Don't get me wrong, the only people I fault for these problems are Christians, who ought to be doing these things instead, and more humanely.
By the way, early Christians were accused of "atheism" by the Romans, because they refused to worship the many gods of their pagan religions. Socrates was similarly condemned.
Breaking out of the pattern is a common Austrian model for entrepreneurship, it is related to liberty and monotheism.

Nathan
 
Nathan,

"...the only people I fault for these problems are Christians, who ought to be doing these things instead, and more humanely."

First, all the problems you listed (hospitals are too business-like, we hide our elderly) are basically unrelated to government interference in healthcare. That section reads like a rant against the greedy capitalist society, which I believe is not the problem but indeed the solution.

Second, is it your opinion that healthcare ought to be a charity, only different from the present government "charity" in that it should come voluntarily? Do you believe that greed and the profit motive have no place in healthcare?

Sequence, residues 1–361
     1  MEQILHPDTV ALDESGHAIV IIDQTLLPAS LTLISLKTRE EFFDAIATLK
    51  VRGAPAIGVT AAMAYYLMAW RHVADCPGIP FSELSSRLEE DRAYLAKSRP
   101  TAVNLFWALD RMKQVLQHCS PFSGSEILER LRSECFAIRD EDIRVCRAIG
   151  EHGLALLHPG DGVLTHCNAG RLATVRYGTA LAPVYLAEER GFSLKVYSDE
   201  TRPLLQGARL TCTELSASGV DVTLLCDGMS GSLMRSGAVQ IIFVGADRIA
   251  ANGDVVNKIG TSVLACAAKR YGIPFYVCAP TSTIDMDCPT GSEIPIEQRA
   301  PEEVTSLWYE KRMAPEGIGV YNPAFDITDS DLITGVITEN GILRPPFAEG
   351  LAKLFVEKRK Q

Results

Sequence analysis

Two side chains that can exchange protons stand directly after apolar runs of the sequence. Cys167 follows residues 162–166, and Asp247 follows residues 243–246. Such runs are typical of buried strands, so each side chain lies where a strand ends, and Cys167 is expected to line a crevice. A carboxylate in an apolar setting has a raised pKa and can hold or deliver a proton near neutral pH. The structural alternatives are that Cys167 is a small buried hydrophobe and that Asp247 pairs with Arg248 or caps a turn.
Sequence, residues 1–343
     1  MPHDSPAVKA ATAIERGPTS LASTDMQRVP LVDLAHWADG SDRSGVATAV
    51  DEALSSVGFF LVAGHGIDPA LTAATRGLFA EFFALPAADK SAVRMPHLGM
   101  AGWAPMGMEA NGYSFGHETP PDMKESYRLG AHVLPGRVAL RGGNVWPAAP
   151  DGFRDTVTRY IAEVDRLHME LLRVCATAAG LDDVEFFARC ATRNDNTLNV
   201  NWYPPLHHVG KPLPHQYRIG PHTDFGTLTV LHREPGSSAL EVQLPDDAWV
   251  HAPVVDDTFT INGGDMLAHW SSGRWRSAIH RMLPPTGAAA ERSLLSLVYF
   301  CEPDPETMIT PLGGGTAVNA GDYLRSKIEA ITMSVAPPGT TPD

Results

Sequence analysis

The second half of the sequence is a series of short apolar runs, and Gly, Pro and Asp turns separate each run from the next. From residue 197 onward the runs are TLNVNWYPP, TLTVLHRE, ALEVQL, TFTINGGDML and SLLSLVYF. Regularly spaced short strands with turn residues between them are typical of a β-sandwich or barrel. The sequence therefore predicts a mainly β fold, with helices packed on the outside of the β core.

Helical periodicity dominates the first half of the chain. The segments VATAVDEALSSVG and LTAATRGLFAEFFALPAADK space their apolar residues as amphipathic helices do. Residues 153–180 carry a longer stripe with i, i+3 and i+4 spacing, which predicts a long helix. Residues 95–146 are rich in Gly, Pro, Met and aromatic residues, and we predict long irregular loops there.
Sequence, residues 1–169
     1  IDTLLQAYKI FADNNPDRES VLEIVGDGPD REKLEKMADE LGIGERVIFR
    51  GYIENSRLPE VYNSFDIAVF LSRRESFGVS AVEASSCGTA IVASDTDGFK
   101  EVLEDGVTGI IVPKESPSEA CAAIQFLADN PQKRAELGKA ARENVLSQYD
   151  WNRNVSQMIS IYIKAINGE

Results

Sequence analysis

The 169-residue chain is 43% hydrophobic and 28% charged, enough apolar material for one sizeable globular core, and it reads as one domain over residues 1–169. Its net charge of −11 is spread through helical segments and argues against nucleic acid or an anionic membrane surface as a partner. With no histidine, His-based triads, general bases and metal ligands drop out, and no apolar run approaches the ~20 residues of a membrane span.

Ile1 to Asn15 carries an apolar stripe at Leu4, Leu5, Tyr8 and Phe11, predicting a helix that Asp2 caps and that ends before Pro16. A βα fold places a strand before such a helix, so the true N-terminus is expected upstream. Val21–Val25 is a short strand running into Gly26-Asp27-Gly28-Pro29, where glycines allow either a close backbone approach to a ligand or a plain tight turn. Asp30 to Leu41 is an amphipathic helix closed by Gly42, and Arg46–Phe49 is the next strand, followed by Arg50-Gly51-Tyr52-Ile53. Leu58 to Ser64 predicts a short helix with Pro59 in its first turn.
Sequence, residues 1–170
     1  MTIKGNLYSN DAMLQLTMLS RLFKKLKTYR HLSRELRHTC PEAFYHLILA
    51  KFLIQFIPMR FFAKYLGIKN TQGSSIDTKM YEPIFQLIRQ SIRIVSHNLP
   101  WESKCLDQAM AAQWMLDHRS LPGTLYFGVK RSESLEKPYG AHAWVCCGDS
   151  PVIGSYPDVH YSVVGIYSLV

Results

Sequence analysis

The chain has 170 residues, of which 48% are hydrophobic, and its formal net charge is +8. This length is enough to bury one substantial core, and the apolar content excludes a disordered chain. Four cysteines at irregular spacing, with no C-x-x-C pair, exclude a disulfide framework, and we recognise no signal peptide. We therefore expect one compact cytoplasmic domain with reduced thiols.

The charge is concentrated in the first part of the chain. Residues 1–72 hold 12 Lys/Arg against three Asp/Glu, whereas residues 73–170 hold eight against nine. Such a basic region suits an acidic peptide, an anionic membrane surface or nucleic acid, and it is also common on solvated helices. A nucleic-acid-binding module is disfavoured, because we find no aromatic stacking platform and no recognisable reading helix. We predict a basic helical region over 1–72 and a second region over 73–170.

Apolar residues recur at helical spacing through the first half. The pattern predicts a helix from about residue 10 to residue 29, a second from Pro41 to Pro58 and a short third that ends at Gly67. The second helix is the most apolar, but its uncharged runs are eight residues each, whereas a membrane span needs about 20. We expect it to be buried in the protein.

If so, why is healthcare different from other industries in which the profit motive is a powerful tool for the good?
 
Good point. Healthcare for those who cannot afford it, i.e. charity, should come from charities, not from the government. If charities paid the hospital bills for those in need, and those hospitals operated within a free-market system that would be optimal.
I think that government control of healthcare has encouraged the abuse of healthcare. If a medicade mom's kid gets sick, she doesn't schedule a doctor's appointment, she just waltzes into the ER. What more telling to me is that she doesn't stop to pray. Her first thought for help is not to her god, but to her doctor, who has become her god.
While many people won't "Bother god with trifles" in their prayers, the will "bother their doctor with trifles, so long as its free." Which doesn't make sense to me, since god's ability to listen to prayers is supposedly unlimited, and not a scarce resource, while doctors' time is limited.